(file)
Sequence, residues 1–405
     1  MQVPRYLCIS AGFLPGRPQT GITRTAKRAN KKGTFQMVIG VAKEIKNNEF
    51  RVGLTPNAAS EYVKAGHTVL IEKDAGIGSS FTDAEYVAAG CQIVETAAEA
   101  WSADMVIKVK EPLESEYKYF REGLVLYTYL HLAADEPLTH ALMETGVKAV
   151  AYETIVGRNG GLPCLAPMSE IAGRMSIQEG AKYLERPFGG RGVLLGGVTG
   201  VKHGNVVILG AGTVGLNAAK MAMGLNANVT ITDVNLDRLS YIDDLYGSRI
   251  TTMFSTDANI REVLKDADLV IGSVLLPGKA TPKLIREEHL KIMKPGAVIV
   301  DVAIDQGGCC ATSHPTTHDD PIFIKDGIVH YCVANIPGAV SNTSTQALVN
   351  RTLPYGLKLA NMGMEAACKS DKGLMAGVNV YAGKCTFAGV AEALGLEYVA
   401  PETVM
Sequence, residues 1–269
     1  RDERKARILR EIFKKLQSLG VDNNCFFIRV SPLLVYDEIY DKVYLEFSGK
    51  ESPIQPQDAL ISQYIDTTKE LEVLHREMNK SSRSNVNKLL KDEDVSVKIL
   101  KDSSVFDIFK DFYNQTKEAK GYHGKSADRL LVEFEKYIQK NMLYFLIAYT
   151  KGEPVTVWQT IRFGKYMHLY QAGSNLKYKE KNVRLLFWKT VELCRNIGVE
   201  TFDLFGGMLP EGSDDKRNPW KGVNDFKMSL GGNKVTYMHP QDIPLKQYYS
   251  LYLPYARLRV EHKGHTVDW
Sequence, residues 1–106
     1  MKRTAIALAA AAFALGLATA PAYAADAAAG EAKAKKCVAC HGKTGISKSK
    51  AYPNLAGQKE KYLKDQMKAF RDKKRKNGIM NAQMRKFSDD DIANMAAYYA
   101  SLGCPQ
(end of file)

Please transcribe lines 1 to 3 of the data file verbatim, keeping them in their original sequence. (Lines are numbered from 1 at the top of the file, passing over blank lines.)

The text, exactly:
Sequence, residues 1–405
     1  MQVPRYLCIS AGFLPGRPQT GITRTAKRAN KKGTFQMVIG VAKEIKNNEF
    51  RVGLTPNAAS EYVKAGHTVL IEKDAGIGSS FTDAEYVAAG CQIVETAAEA